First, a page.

• The Dude says:

        Sorry, but you’re wrong. I work in this business, and I can tell you, without a doubt, that all the counterfeit/scam websites are Chinese.

      • ceidou says:

        that is where counterfeits stuff are made, and that is where most stuff are made too.
        the chinese are big on making counterfeit products, it is a fact, but of course all nations sell them.
        ever seen an open factory of counterfeit bags in europe? no.
        go to china and you will see these factories everywhere

  4. carymcdonald says:

    There are MORE issues here; it takes two to tango: those who sell, and those who buy.
    Those who are happy to buy ‘fakes or forgeries’ knowingly; and those who believe they are buying ‘the real deal’; but are buying the former. In both cases, the ‘fake’ my be identical, superior, or inferior to the ‘real deal.’
    This makes for FOUR different legal/moral issues, but two are easily distinguished: 1) ripping-off the OEM, whose name is misused; and 2) the ripping-off the buyer, with an inferior and/or unsupported product.
    This goes on ALL the time on E-Bay and Craigslist with the items known as ‘White van’ speakers. (Wiki: White Van Speakers for details), and is actually better addressed on CL than on E-Bay, as readers on CL can easily flag sellers of Pseudo-speakers.
    If E-Bay cannot control fraud well, how do you expect the ‘uncontrolled’ sites that take no profit (from fraud) to control it?

  5. James says:

    Each time the government tries to solve a problem it usually makes it worse. See war on drugs, war on poverty, war on pollution. Now the government attempts to save us from fake goods sold on the Internet. The result will be that the bad guys are left unharmed while decent shops loose business. Thank you Dear Government

    • Rodrian Roadeye says:

      Right on. The road to hell is paved with good intentions as always, but I am grateful for everyone helped who truly needs it. Just wish that more could be done to catch those who abuse the system, and like Medicare, especially repeat offenders.

  6. islandtech says:

    facebook needs to do some more research before allowing those sites to be bundled on their website, those sites ask for your personal info they redirect you to sites that are infected with key logging & spyware.
    those sites crash your browser at times there security certificates are not even valid, facebook is a well loved social site but it needs to be prudent with its operations.

    island tech
    Commonwealth of Dominica

    • Marianne says:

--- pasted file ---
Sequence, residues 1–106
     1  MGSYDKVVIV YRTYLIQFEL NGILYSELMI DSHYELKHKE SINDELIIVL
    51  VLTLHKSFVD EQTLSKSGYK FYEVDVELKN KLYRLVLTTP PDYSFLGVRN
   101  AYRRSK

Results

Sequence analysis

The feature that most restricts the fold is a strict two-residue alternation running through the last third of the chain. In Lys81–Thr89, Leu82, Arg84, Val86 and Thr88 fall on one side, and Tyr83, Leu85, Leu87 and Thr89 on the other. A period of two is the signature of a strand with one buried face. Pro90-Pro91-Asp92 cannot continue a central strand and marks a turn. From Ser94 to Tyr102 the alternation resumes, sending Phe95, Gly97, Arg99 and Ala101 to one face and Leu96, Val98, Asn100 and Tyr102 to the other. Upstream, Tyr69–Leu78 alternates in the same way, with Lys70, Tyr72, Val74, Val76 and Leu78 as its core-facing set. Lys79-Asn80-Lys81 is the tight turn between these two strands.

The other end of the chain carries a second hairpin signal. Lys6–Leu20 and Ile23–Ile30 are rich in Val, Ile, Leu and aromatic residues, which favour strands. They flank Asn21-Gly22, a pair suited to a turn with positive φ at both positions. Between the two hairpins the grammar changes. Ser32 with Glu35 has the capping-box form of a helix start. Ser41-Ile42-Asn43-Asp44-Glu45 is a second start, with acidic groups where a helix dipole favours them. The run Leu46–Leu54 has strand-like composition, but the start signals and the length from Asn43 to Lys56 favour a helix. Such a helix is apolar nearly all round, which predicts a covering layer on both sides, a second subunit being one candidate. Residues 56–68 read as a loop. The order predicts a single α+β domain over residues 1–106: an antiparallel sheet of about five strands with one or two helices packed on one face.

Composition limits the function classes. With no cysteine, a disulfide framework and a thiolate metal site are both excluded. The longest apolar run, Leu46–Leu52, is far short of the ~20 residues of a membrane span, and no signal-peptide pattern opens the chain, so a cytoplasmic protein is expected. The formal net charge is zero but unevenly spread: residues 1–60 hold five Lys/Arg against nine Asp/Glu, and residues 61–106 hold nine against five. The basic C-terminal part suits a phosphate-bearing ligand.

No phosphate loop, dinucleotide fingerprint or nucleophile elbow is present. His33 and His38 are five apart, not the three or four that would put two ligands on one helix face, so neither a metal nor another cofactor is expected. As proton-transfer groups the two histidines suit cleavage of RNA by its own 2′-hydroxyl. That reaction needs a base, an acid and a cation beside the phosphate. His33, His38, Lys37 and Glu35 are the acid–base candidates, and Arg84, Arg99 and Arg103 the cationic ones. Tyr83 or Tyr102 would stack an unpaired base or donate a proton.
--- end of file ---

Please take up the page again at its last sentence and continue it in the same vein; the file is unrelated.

Islandtech, most of the websites listed on facebook come from users of FB themselves by going to a site & logging on from FB or giving a post. On most websites now they have the FB, Twitter, Google+1 & other social site buttons to post the website your originally on to those social sites, so how can facebook, google or any other website keep their sites safe when its the users themselves who post alot of sites to their public news-feeds. I know they (FB, etc.) should regulate the websites that they apply themselves to their own sites but personally I think the government is fighting a losing battle when it comes to fraud, scams or any other bad thing out there, if someone wants to apply it to the internet they will, it’s a simple fact, they just have people who will do whatever they want, whenever they want to whomever they want.

      • islandtech says:

        Marianne i was saying that facebook should do a little research before allowing other websites to be attached to them, facebook has electronic responsibility to ensure that there sites are with in regulations say for example some one decides to attach a child porn site link to facebook, facebook should not investigate this & stop it because its a user? all people that are using the world wide web has to take responsibility to ensure that their sites are not out of regulations, for example you own a web site some places a link on your site advertising crack cocaine you the website owner knows this an illegal substance, you will not take the link off? Facebook is a well loved social site as i said it should be more prudent with its electronic operations to avoid future problems with its business operations.

  7. Mark Noo says:

    Do these people have an email address we can send sites we think are illicit to.
    Is the reason I’ve never heard of them that they don’t want to do anything.
    Why would they look for this stuff themselves when they can get tips from upset buyers for free.

    Why does no one know they exist.

  8. Lj says:

    Buyer beware! This is a scam. They also go by rosewholesale, sammydress, and rosegal, probably more. Read the negative reviews on those FB pages. All these people are getting ripped off!